»Well, yes, we are what we are,« this once little bandit, but now a true, grown-up criminal, sighed in agreement. »But this constant upsetting of yours, you understand, simply doesn’t add up. In the long term the effect is approximately the same as was the effect of your attacking me just a while ago. You can kill yourself trying to rearrange atoms, but they will sooner or later arrange themselves in a way on which you have little influence. The only useful thing you can do is to solve the puzzle lurking within yourself – discover yourself, decipher yourself, understand? All your anger, rage and what-not won’t get you anywhere. As I’ve already said: In the long term – regardless of whether you’re the president of Stalingrad or a dustman in Ruše – your effect on the arrangement of atoms in the Universe is negligible, practically ziltch. You may go mad, blow up the whole planet and some others on top, if you want – have you ever looked up there and tried to imagine how big that thing is, eh?? – and yet this will have approximately the same effect as the belching of cows has on the sharpness of “dž’s” in Dževdželija. For instance, what would you think of an ant threatening with deadly seriousness to destroy the anthill, eh? Or of an ant making fun of you because you have no idea which floor its aunt is on or who stepped on its uncle in the middle of the forest the day before yesterday a few minutes after three in the morning? Eh??«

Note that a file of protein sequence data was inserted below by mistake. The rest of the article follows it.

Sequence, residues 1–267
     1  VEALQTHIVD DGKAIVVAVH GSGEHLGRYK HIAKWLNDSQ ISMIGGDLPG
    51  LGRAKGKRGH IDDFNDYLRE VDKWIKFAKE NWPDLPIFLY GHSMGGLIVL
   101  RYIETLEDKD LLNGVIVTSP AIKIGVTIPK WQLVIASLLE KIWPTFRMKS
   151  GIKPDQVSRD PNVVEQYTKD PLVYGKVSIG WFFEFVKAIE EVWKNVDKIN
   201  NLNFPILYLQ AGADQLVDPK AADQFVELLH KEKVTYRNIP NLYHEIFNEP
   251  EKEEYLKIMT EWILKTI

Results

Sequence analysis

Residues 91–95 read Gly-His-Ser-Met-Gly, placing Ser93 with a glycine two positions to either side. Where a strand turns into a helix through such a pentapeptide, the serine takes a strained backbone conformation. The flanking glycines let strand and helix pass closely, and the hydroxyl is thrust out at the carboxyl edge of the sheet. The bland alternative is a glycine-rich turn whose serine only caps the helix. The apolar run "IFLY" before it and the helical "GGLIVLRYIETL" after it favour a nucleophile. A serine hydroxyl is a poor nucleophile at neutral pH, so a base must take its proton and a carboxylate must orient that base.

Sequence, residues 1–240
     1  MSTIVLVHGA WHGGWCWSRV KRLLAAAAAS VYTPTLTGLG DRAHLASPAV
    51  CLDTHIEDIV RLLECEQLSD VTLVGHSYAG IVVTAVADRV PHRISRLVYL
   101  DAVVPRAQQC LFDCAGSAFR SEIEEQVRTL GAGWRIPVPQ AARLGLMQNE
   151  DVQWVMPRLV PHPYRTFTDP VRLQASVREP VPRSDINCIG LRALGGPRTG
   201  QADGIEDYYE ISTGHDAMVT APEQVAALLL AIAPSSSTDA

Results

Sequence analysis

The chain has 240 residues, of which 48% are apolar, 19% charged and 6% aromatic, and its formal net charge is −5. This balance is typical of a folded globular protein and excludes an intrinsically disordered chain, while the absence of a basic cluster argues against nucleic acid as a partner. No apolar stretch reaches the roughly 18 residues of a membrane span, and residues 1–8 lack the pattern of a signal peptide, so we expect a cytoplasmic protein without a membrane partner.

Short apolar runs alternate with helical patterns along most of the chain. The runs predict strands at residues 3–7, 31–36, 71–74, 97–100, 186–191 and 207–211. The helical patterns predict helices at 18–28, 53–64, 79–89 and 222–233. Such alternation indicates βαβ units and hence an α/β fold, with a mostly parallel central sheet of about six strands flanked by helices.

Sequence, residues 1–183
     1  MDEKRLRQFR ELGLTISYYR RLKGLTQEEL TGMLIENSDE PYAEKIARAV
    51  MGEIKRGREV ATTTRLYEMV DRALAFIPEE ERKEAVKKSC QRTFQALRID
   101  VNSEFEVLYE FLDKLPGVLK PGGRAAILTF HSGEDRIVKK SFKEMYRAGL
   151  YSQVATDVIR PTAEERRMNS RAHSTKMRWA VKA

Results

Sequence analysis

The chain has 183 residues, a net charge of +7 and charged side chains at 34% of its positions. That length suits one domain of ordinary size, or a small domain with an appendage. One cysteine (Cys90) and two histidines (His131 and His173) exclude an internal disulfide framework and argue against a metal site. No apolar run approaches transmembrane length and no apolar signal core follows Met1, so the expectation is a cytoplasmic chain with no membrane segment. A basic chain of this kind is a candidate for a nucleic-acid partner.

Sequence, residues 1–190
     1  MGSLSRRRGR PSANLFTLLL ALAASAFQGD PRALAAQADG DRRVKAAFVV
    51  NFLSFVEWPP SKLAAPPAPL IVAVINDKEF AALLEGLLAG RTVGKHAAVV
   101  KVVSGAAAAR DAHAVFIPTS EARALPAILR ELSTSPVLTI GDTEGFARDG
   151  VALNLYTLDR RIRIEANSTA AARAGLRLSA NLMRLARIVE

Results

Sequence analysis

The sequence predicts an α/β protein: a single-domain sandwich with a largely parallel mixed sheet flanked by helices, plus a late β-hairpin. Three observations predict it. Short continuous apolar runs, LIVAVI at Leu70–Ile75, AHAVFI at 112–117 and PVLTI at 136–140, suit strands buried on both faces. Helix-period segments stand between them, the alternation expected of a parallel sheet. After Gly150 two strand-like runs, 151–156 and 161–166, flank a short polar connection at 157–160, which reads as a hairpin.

»I didn’t create the darn ants or the bloody garbage sites or damn Stalingrad!«

»Would you stop burrowing so blindly through your narrow lines! You know very well that no comparison can persist if you start poking a knife into its brain. Have you ever thought what sorts of foul play you yourself take part in? Simply by having a job and paying taxes? What idiotologies you keep going and support, help develop? Eh?«